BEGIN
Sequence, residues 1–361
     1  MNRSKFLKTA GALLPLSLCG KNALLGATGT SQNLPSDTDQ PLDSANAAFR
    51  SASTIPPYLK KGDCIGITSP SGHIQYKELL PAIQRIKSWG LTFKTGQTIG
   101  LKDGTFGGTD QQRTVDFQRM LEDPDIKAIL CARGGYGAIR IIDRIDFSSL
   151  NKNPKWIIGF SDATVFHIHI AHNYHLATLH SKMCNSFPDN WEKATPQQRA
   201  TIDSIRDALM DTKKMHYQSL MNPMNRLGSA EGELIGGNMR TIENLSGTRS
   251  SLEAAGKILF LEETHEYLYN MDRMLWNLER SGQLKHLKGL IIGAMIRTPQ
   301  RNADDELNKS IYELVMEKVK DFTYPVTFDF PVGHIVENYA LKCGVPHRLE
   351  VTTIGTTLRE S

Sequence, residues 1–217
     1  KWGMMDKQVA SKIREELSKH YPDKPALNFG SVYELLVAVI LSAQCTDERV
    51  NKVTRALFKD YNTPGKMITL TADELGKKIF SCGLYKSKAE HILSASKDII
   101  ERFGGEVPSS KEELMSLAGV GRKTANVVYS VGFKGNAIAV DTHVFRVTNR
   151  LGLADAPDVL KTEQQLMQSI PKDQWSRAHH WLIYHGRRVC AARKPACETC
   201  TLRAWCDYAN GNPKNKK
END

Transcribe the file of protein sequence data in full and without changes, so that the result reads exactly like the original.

Sequence, residues 1–361
     1  MNRSKFLKTA GALLPLSLCG KNALLGATGT SQNLPSDTDQ PLDSANAAFR
    51  SASTIPPYLK KGDCIGITSP SGHIQYKELL PAIQRIKSWG LTFKTGQTIG
   101  LKDGTFGGTD QQRTVDFQRM LEDPDIKAIL CARGGYGAIR IIDRIDFSSL
   151  NKNPKWIIGF SDATVFHIHI AHNYHLATLH SKMCNSFPDN WEKATPQQRA
   201  TIDSIRDALM DTKKMHYQSL MNPMNRLGSA EGELIGGNMR TIENLSGTRS
   251  SLEAAGKILF LEETHEYLYN MDRMLWNLER SGQLKHLKGL IIGAMIRTPQ
   301  RNADDELNKS IYELVMEKVK DFTYPVTFDF PVGHIVENYA LKCGVPHRLE
   351  VTTIGTTLRE S

Sequence, residues 1–217
     1  KWGMMDKQVA SKIREELSKH YPDKPALNFG SVYELLVAVI LSAQCTDERV
    51  NKVTRALFKD YNTPGKMITL TADELGKKIF SCGLYKSKAE HILSASKDII
   101  ERFGGEVPSS KEELMSLAGV GRKTANVVYS VGFKGNAIAV DTHVFRVTNR
   151  LGLADAPDVL KTEQQLMQSI PKDQWSRAHH WLIYHGRRVC AARKPACETC
   201  TLRAWCDYAN GNPKNKK